Click here if you don’t see subscription options
Zac DavisJune 15, 2016
Kelli Cantu 24, left and Soe Aponte, 23, of Orlando become emotional Tuesday, June 14, 2016, as they visit a growing memorial at the The Dr. Phillips Center for the victims of the mass shooting at the Pulse Nightclub. (Red Huber/Orlando Sentinel via AP)
Do Guns Make Us Free?by Firmin DeBrabander

Yale University Press. 296p $30

Shakespeare’s “Hamlet,” among many things, is a tale of paralyzing inaction in the face of violence. Confronted with the murder of his father, Hamlet is haunted by his dead father’s ghost and later by his own psyche, both of which beg him to do something. Yes, Hamlet must decide how he will enact revenge for his father, but the climax of the tragedy revolves around Hamlet’s existential choice of whether or not he will act at all.

Confronted with the ghosts of 20 children who were gunned down in their own elementary school, and most recently, the 49 members of the Latino L.G.B.T. community massacred at a nightclub in Orlando and the seemingly countless other victims of gun violence, gun control advocates and many Americans on both sides of the aisle are frustrated with our own collective inaction on gun issues in the face of carnage. A common place of blame often falls upon the politically powerful and well-connected National Rifle Association, an organization which many argue holds our politicians hostage. Firmin DeBrabander, who is a philosopher and the author of Do Guns Make Us Free?, argues that perhaps the problem goes “deeper than just one well-connected organization.” We, like Hamlet, first need to engage in a more existential and intimate debate about our collective cultural relationship with guns before we can hope for more legislation of their control. And, like Hamlet, our inaction is likely to spur on more and more bloodshed.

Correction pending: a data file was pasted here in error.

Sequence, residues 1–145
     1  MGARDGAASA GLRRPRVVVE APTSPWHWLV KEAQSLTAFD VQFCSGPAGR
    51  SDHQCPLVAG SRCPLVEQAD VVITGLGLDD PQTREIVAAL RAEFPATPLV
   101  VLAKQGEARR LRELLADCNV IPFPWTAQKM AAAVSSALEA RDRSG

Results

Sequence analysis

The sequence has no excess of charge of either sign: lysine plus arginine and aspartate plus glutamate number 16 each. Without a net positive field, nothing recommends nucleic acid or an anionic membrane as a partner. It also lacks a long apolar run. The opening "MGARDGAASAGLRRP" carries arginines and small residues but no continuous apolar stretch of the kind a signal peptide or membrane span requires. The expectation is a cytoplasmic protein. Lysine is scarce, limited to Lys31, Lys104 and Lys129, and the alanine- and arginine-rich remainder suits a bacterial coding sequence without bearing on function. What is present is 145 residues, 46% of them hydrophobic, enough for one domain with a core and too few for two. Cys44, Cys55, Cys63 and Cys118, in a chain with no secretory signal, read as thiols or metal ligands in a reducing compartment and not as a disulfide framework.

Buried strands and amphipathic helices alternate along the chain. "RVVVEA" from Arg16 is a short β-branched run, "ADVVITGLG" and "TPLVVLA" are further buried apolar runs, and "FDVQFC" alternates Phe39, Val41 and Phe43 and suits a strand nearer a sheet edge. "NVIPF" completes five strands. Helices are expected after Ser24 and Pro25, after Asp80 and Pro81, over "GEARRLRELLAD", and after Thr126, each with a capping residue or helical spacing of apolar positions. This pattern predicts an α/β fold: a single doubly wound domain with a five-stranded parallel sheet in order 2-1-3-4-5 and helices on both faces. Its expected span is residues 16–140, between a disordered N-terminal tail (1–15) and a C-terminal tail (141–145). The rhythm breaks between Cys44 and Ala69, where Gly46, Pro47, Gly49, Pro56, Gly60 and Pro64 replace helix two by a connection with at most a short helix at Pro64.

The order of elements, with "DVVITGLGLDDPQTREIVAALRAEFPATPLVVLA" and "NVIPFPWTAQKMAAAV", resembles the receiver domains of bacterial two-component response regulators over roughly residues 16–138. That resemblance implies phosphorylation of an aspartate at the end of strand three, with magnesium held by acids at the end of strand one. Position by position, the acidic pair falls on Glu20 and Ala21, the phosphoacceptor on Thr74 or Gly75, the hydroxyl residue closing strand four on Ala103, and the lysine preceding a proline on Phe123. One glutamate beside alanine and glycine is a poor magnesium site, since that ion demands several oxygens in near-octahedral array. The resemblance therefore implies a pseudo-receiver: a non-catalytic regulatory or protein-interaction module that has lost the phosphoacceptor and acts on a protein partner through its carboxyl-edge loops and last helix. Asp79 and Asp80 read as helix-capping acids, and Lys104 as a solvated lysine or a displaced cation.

Gun regulation measures fail to capture the passion of the public for longer than a few weeks after a mass shooting. After the horror of Sandy Hook, the nation saw little change in gun laws—in fact, in many states it has become easier to buy a firearm and bring it into a public school.

No matter how many shootings, and no matter what gun control advocates argue, and no matter how convincingly, DeBrabander realizes it is likely to fall on deaf American ears as long as those Americans perceive that they must lose that which is most precious in the country’s mindset in order to curtail gun violence: freedom.